Crucially, ASIC v King has resulted in an extension of previous interpretations of section 9 regarding the definition of an ‘officer’ within a corporation.

New interpretations of section 9 are no longer confined to individuals who hold a position within a company but can also include persons who “play some part in the management of the corporation”.

This extension will allow persons to be considered as ‘officers’ without requiring them to hold a formal office within the corporation.

Going forward, the key test for a person will be defined as an ‘officer’ will be whether it can be shown that they had the “capacity to affect significantly the financial standing of the company”.

The rationale behind ASIC v King  

In making its decision, the High Court relied on judgments from Grimaldi and Shafron,[1] where it was found that a person who satisfied subsection 9(b) of the definition of “officer” ‘is likely to be acting in an office (or position) for the purposes of section 9, irrespective of whether they were formally appointed to that role.

Instead, the relevant factors should consider:

  • the persons’ capacity and participation in investment and financial decisions; and
  • the nature of the persons’ participation in the control and direction of the affairs of the corporation.

Additionally, the High Court referenced the legislative history and conceptualisation of management which relates to “activities which involve policy and decision-making, related to the business affairs of a corporation, affecting the corporation as a whole or a substantial part of that corporation”.

Subsection 9(b) also contains a language change in contrast with earlier subsections of section 9. This was argued to show an intention by the Commonwealth Parliament to extend the interpretation of ‘officer’ to include “reference to the facts of the relationship between an individual and a corporation in relation to the affairs of the corporation.”

Facts that held Mr King as an ‘officer’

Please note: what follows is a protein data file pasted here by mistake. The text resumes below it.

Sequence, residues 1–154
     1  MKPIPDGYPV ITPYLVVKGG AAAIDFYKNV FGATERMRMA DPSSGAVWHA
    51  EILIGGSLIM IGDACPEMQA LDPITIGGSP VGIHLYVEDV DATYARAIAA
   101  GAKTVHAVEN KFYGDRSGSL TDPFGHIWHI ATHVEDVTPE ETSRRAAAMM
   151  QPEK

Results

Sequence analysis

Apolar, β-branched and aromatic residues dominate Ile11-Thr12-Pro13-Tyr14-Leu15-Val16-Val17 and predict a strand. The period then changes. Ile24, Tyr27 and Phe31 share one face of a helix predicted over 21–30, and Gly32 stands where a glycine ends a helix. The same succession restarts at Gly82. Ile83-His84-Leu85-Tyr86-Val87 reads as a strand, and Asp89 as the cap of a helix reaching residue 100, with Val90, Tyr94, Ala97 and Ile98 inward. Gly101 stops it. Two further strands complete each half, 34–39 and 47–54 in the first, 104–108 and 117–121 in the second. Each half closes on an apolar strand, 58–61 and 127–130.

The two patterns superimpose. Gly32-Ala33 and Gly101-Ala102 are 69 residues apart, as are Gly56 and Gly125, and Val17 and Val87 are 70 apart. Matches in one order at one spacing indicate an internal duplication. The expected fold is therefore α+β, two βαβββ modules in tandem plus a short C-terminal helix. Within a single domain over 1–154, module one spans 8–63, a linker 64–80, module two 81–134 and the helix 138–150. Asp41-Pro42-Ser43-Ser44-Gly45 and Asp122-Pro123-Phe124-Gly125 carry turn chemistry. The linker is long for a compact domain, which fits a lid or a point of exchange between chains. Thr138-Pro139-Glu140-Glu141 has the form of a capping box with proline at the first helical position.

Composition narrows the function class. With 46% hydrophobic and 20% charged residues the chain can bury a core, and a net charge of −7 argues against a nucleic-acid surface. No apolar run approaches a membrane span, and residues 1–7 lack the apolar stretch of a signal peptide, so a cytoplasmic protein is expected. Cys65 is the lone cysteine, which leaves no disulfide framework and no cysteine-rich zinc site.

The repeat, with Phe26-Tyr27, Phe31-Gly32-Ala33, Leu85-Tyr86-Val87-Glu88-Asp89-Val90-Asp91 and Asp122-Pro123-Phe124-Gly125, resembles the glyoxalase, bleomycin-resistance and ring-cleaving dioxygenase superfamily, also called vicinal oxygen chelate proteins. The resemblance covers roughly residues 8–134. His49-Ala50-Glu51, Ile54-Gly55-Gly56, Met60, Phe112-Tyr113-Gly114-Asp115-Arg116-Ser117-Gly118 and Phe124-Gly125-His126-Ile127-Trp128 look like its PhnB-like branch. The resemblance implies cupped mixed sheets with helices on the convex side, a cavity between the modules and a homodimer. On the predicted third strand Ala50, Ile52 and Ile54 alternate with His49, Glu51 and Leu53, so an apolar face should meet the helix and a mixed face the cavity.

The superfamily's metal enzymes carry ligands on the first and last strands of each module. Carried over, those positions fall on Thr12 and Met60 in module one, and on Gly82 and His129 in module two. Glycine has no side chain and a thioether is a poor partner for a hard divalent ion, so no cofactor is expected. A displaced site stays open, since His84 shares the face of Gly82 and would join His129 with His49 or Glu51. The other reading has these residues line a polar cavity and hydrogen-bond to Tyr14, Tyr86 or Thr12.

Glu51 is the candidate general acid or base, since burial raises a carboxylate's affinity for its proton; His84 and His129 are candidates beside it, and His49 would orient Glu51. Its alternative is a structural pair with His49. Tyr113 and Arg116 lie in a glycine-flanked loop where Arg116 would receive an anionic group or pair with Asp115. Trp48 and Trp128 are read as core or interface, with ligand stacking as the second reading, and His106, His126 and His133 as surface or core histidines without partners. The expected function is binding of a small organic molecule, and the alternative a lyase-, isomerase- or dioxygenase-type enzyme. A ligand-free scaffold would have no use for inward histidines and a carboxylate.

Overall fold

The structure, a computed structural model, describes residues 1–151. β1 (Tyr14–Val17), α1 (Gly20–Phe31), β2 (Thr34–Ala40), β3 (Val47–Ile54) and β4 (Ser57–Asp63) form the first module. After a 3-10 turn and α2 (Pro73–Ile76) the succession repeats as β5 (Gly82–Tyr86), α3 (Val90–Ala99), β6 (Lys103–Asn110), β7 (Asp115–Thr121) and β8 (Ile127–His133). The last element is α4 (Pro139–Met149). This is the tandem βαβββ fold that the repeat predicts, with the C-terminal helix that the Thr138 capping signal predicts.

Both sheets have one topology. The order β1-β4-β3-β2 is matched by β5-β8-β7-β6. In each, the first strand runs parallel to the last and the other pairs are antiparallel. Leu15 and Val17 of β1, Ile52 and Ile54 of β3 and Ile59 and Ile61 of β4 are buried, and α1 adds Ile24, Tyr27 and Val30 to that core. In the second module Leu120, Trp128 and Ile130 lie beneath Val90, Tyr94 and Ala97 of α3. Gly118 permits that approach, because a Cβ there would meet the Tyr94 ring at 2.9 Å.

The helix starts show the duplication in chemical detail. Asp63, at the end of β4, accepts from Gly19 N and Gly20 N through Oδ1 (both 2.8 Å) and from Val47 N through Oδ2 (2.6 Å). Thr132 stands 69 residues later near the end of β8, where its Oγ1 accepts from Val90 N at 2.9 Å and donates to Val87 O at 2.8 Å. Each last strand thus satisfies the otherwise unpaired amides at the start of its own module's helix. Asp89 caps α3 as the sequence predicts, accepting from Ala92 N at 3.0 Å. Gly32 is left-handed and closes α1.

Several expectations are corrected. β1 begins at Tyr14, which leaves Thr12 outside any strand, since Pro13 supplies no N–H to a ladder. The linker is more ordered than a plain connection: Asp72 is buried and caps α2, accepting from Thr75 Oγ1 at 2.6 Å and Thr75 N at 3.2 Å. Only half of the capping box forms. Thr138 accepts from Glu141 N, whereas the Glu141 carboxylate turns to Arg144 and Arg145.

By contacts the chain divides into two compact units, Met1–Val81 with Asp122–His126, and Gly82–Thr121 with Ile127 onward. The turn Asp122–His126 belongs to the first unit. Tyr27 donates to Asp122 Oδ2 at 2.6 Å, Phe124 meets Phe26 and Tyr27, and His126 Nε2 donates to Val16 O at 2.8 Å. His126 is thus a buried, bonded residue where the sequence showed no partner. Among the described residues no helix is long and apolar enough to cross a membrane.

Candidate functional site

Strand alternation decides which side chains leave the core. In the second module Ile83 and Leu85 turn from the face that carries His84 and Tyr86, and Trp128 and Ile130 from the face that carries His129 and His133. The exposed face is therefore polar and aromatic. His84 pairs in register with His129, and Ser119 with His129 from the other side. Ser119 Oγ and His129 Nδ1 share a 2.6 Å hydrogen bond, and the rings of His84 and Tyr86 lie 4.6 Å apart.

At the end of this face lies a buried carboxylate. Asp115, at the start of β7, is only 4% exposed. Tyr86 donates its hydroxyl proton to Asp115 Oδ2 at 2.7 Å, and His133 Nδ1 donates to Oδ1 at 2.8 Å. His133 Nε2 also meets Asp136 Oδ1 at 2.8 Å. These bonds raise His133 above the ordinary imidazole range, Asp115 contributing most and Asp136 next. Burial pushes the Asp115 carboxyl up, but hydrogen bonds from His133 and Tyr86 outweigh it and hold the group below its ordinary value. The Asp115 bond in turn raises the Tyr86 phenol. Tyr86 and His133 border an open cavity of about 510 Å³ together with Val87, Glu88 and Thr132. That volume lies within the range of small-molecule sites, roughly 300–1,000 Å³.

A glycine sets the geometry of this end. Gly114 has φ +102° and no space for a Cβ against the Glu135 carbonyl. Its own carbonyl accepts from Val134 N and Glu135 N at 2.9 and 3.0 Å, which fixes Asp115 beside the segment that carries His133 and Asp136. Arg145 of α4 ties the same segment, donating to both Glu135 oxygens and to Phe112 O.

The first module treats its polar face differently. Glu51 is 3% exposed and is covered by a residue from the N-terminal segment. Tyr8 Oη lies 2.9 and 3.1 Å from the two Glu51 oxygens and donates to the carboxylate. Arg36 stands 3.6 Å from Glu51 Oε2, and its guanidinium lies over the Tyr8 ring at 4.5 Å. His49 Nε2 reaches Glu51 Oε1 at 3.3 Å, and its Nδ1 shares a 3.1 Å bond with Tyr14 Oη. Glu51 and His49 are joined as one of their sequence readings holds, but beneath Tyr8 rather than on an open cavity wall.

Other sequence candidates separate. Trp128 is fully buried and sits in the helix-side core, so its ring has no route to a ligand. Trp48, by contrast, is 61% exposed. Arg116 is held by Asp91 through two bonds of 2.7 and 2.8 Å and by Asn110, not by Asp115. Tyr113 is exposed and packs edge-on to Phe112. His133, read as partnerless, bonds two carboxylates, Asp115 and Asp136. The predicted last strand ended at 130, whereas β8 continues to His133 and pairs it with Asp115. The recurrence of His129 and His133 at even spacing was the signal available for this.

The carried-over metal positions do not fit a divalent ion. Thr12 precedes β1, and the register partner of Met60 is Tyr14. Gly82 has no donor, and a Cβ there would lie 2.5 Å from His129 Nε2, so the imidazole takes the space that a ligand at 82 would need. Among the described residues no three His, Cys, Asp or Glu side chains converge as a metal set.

Several factors persuaded the court to define Mr King’s relationship with MFSIM as qualifying for the definition of ‘officer’.

The two most persuasive of these were evidence that:

  1. he acted as the ‘overall boss of the MFS Group’ and appeared to assume ‘overall responsibility for MFSIM’; and
  2. he was also shown to have both participated in the business of MFSIM and had an integral role in the redraw of funds from the loan facility that were used to inappropriately pay the debt of another MFS subsidiary.

Evidence was provided to the High Court, which showed Mr King’s influence over the deal and the acting authority he had over the decision.

While he did not have a formal office within the company, it was found that his capacity to affect the financial standing of MFSIM significantly was enough to classify him as an ‘officer’ for the purpose of section 9.


[1] Grimaldi v Chameleon Mining NL (No 2) (2012) FCAFC 6; Shafron v ASIC (2012) 88 ACSR 126.

For more information, please contact:
Sandy Donaldson

Sandy Donaldson
Consultant
p.  +61 8 8124 1954
e.  Email me

This communication provides general information which is current as at the time of production. The information contained in this communication does not constitute advice and should not be relied upon as such. Professional advice should be sought prior to any action being taken in reliance on any of the information. Should you wish to discuss any matter raised in this report, or what it means for you, your business or your clients' businesses, please feel free to contact us.